With reference to the drawing, the reading cards 10 of the preferred embodiment are white surface cards substantially similar in thickness and size to what are termed standard 3 x Sbusiness cards.

Each card 10 is pressed or otherwise scored in a vertical line 12 approximately /a of the distance from the right hand edge, to provide a weakened section serving as a hinge line, and dividing the card 10 in two sections, a. main body 14 and a supporting flap 16. The lower edge 18 of flap 16 is cut at a slight angle, relative to the lower edge of main card body 14, starting substantially at the point where the vertical hinge line 12 intersects the bottom edge. This angle cut enables the card 10 to be placed in an erect standing position with a slight rearward inclination, when flap 16 is bent backward to provide a support for the card as shown in Fig ure 5.

In the standing position on a table or desk work surface 20, as in Figure 5, the front face 22 of the reading card 10 is readily visible to a student viewer while the teacher can view the rear face 24 of the card, or an individual working alone can easily turn the card to view the rear face.

With particular reference to Figures 1 and 2, a pictorial representation 26 of an object and the word 28 representing that object are placed, as by printing, on the front face 22 of the main card body 14. The same word is placed on the reverse face 26 of the card with the initial letter 39, offset to the left of the hinge line 12 on the flap 16 and the family letter group 32 approximately centered on the main card body 14. The pictorial representation 26 of the object is preferably black, as large as feasible and as close to a silhouette as permitted by the nature of the object. Large, legible, preferably black lettering is also used and the complete word 28 on the front face should be directly under the pictoral object 26. Note that cards and representation thereon can be light and dark contrasting colors but white and black is preferred.

Not all of the common words can be easily broken into family word groups by setting off a single initial letter in the word. Such words start with what is termed blended letters, one example being illustrated in Figures 3 and 4 where the object is a clock. In this instance oek is the family word group on the rear face of the main card 'body 14 and the initial blended letters cl are offset, to the left of hinge line 12, on flap surface 16 (Figure 4). Note, the clock pictorial representation is one that is best illustrated in line drawing rather than silhouette.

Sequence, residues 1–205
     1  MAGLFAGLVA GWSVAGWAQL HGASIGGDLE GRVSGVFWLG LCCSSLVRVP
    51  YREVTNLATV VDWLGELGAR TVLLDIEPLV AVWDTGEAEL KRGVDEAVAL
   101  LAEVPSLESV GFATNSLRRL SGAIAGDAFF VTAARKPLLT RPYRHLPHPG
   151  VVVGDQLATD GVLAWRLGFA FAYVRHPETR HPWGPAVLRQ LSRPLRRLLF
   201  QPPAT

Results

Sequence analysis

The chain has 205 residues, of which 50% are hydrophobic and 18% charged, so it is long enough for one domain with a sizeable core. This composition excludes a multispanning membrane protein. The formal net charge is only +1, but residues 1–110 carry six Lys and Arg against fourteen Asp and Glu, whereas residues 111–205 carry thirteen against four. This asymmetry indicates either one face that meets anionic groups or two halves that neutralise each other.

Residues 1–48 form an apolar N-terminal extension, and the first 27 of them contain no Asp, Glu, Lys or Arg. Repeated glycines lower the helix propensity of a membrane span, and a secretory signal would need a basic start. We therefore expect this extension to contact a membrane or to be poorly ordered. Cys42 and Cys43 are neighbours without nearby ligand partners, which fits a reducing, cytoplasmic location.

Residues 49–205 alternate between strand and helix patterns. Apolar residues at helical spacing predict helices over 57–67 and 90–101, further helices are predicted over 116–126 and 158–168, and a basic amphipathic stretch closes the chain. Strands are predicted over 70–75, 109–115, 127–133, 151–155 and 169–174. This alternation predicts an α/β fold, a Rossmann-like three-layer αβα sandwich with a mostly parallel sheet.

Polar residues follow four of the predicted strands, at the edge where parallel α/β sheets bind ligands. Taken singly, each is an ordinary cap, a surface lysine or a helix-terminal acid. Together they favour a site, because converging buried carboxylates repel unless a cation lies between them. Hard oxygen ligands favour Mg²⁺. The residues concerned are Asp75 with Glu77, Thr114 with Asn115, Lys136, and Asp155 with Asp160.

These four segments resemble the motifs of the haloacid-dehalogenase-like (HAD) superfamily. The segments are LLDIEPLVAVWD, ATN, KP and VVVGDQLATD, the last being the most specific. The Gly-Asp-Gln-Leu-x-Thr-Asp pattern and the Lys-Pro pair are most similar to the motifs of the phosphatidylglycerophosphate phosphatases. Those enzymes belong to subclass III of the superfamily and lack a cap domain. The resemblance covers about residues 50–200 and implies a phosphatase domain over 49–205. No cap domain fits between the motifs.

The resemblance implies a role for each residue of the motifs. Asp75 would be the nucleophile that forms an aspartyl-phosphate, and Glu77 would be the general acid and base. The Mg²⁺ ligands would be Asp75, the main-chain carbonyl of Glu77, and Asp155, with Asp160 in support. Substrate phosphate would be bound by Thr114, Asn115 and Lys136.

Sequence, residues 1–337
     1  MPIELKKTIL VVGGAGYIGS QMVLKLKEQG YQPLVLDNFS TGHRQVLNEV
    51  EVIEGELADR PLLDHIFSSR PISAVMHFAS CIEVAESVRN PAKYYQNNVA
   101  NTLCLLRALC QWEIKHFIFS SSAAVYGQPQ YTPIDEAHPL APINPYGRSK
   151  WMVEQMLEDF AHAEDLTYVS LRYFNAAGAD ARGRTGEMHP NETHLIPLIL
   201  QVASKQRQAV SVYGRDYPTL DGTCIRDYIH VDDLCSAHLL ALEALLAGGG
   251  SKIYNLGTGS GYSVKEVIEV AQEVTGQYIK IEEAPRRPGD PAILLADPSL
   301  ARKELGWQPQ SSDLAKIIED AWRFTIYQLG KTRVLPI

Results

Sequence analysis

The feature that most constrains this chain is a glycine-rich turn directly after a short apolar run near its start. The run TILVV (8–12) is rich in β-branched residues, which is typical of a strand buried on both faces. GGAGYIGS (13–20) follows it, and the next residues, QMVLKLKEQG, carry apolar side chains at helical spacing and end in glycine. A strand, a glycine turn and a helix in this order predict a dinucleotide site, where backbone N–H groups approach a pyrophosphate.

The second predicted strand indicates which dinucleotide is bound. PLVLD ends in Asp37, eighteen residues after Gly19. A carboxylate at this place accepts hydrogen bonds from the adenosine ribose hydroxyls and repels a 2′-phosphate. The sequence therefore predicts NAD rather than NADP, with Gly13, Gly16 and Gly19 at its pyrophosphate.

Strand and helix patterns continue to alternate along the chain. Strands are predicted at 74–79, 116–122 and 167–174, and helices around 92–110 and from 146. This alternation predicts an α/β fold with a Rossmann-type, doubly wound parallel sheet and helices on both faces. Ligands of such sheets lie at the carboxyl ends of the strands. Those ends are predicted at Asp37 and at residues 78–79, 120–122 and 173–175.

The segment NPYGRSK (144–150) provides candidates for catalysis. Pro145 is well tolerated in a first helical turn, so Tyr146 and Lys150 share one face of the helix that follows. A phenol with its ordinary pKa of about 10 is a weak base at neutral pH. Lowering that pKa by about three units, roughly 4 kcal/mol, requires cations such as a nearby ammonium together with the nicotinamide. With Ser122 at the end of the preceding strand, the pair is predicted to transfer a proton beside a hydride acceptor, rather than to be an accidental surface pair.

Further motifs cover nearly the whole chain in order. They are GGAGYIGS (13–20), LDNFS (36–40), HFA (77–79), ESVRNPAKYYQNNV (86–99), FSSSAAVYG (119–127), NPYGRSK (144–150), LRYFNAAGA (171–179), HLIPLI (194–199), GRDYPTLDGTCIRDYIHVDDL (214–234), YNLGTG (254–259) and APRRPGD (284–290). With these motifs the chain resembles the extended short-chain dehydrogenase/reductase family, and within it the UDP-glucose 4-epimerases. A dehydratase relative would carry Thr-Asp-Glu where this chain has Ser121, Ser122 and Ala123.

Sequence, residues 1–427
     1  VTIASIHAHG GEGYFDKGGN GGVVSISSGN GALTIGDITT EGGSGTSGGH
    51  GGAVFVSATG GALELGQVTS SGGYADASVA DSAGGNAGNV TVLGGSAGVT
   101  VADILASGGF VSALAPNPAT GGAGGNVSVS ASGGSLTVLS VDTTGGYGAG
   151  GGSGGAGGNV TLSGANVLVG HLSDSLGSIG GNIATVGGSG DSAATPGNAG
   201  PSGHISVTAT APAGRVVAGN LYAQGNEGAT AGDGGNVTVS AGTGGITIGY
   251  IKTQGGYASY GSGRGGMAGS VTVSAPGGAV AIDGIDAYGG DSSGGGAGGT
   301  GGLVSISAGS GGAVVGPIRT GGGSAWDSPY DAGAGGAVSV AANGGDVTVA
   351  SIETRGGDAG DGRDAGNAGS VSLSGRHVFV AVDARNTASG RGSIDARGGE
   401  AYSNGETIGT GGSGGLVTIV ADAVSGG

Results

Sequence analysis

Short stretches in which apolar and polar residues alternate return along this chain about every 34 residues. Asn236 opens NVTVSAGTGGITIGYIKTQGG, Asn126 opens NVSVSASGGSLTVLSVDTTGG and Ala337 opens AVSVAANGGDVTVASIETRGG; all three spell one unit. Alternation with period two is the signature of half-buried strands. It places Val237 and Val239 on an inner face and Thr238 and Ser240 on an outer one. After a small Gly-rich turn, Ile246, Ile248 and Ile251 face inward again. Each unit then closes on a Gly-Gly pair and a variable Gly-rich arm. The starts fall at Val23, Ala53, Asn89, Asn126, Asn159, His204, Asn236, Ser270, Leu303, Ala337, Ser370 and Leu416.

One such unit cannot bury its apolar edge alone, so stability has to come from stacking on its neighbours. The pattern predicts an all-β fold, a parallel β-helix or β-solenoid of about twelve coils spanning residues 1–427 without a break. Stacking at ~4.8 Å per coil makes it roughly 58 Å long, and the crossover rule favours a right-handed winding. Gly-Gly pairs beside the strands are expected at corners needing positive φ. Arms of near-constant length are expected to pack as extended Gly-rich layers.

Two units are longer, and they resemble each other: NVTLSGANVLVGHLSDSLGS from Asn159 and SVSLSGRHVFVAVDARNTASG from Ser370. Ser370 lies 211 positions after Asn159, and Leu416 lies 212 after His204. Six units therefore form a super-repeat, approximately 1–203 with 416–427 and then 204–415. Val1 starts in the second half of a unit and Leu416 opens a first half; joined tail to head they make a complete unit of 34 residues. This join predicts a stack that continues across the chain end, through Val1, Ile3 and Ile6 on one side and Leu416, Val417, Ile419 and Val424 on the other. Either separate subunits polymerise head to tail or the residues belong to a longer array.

Although instruction in looking, seeing, saying and hearing can be given to a child, using only one card, the preferred use contemplates the use of a large number of cards, and sets of 200 or more are contemplated for nor mal school and home use.

A suggested mode of use of a series of these reading cards is:

USE IN SCHOOL R HOME lLook at the picture and say the word.

2Find the animals.

3-Find the fowls or the ones with feathers.

4-Find the things that fly.

5-Find the things that swim.

6Fincl the things to eat.

7-Find the things to wear.

8Find the things to play with.

9Find the people.

l0Find the things that have wheels.

ll-Find the things that give light.

l2Find the things used on a farm.

l3--Find parts of the body.

14-Find things used in the house.

1S-Find things in which we carry things.

l6-Find things mother uses when she sews or knits.

17-Find the rhyming words.

l8--Find words that go togetheras sun-moon; dishspoon.

l9-Find words that start with b-as ball, bat, etc.

4 Say the words. Proceed the same with 0 words, d Words, etc. After the children are familiar with initial sounds-take the family words or the endings.